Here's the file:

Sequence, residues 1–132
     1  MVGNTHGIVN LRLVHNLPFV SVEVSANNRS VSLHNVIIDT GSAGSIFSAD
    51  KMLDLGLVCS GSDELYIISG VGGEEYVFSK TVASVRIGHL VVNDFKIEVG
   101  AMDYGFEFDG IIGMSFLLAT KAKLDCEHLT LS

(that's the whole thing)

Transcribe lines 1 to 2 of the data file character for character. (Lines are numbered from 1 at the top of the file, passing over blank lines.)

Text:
Sequence, residues 1–132
     1  MVGNTHGIVN LRLVHNLPFV SVEVSANNRS VSLHNVIIDT GSAGSIFSAD